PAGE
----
The task force further recommended that military tribunals should be used only under narrow circumstances where security issues are compelling. To assure a "full and fair trial," it suggested incorporating the procedures currently required in the court martial of U.S. military personnel (as outlined in the Uniform Code of Military Justice). These include an open and public trial except for compelling reasons and most rights accorded a criminal defendant in a civilian court except for the exclusionary rule and unanimous jury verdicts. The task force also recommended that tribunal jurisdiction be subject to review by higher courts.

The procedures proposed by the secretary of defense include a number of these recommendations. But they do not include all of the requirements outlined by the Uniform Code of Military Justice. Most notably, they do not give convicted defendants the right to appeal to federal civilian courts.

Are Military Commissions Good Public Policy?

Aside from the constitutional and legal questions raised about military tribunals, controversy has arisen over their use. Even before the proposed procedures were issued, criticism came from both the right and the left of the political spectrum.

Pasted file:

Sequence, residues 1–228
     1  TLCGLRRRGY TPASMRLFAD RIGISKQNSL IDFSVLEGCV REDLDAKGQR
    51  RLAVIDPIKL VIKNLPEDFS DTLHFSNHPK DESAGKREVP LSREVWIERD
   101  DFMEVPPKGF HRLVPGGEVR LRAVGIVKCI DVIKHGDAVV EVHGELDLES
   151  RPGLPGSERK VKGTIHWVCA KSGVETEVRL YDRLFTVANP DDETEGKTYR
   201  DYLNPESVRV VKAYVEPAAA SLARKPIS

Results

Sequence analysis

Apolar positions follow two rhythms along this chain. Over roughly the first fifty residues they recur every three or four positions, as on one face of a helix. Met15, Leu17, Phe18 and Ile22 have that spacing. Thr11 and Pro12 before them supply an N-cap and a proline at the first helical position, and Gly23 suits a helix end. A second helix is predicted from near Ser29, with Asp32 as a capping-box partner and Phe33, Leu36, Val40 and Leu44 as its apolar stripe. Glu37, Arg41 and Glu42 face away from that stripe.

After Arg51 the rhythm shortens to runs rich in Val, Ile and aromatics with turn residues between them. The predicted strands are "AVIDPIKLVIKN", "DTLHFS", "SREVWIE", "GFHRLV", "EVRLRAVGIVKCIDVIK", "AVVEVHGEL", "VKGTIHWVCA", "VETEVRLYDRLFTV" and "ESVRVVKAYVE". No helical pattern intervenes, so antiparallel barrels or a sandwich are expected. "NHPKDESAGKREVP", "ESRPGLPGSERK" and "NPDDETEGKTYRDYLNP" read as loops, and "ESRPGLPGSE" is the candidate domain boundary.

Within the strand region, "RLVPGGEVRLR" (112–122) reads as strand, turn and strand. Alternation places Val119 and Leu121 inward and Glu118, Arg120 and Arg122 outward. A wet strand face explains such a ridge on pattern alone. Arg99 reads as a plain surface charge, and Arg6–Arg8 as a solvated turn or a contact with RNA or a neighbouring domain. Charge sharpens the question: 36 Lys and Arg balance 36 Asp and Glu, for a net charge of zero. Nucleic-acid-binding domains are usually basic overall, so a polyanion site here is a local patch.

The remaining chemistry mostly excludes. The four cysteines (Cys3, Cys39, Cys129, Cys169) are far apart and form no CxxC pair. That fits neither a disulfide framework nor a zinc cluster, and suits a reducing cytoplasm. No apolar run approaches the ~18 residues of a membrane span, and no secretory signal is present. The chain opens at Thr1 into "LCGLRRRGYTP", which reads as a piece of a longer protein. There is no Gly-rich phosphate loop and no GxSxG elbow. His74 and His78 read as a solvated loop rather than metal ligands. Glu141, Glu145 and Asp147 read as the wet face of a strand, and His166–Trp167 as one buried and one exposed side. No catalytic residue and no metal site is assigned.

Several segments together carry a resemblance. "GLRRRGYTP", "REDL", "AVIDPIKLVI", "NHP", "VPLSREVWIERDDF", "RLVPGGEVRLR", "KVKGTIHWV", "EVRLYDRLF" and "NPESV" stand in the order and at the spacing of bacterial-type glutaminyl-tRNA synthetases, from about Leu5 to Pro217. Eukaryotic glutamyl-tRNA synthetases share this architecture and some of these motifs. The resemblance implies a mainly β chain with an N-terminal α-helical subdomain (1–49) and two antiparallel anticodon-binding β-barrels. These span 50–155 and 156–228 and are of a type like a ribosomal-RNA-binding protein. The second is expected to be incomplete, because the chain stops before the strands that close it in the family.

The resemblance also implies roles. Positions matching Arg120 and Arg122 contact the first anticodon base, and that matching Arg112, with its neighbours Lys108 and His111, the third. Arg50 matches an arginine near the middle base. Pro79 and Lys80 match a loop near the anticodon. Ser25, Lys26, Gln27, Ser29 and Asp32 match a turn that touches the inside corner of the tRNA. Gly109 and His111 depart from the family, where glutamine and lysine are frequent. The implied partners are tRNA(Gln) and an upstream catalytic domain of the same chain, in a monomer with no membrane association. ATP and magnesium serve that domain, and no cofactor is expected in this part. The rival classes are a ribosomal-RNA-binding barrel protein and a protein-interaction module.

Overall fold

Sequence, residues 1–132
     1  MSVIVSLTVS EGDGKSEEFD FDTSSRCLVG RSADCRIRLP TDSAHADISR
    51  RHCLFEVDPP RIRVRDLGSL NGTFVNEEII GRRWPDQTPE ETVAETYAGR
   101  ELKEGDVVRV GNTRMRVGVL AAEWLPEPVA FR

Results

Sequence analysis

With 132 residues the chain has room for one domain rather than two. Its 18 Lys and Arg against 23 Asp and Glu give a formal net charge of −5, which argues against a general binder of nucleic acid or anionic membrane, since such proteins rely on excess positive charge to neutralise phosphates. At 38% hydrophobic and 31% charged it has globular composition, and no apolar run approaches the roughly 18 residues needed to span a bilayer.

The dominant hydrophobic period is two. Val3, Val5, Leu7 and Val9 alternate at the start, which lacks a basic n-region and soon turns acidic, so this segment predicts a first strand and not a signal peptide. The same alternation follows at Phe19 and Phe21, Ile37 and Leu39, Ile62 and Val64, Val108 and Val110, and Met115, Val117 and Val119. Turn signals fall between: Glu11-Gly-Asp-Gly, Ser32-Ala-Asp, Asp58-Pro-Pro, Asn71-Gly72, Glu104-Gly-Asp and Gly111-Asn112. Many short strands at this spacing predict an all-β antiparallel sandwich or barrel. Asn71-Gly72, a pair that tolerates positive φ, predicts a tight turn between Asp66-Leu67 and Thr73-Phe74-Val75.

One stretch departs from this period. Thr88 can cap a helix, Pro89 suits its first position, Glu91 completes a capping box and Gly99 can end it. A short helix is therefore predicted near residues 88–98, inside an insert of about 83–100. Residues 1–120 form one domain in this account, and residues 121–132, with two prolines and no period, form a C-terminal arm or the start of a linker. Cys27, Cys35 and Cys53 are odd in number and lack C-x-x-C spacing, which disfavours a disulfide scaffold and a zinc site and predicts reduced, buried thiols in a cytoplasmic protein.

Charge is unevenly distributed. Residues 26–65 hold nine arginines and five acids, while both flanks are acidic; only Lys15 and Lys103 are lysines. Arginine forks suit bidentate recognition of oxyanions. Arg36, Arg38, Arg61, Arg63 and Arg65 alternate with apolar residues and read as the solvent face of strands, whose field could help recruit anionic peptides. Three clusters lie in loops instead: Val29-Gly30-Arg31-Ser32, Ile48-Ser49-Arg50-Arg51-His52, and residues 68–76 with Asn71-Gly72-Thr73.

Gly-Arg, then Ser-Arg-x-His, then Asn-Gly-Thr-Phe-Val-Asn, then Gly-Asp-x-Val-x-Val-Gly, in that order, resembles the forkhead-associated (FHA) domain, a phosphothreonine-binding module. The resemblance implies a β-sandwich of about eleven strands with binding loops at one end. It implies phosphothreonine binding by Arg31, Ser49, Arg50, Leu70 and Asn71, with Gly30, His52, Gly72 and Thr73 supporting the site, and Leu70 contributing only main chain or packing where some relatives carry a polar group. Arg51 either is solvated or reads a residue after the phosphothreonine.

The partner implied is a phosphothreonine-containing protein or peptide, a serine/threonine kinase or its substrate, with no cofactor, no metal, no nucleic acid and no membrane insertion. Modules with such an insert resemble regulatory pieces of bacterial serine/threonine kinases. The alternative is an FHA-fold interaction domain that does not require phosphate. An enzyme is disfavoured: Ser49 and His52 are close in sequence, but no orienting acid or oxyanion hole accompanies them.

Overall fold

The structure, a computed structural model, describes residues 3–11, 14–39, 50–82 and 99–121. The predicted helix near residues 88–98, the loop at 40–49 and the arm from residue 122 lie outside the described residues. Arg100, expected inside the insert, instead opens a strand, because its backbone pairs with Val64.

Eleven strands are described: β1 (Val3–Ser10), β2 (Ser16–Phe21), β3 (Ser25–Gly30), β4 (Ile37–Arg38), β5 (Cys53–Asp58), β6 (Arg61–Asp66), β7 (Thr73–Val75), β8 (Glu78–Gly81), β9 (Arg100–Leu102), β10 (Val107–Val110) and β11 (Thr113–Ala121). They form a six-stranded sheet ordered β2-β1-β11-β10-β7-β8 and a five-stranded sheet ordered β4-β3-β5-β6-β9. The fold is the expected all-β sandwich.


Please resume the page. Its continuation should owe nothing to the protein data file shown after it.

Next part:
The Washington Times, a conservative newspaper, editorialized that, "The president and his men (and women) should think again" and abandon the plan for the tribunals. The Cato Daily Dispatch, a libertarian journal, cited a constitutional scholar who called tribunals, "law on the fly" for their and secrecy and lack of due process. The Washington National Office of the American Civil Liberties Union decried the tribunal plan as further evidence of "the government's increasing willingness to circumvent the Bill of Rights." Yet public opinion seems to support the president's plan. In a Washington Post-ABC News Poll released two weeks after the military order, 59 percent of Americans supported the use of special military tribunals, against 37 percent who favored the use of the regular U.S. criminal court system for trying terrorists.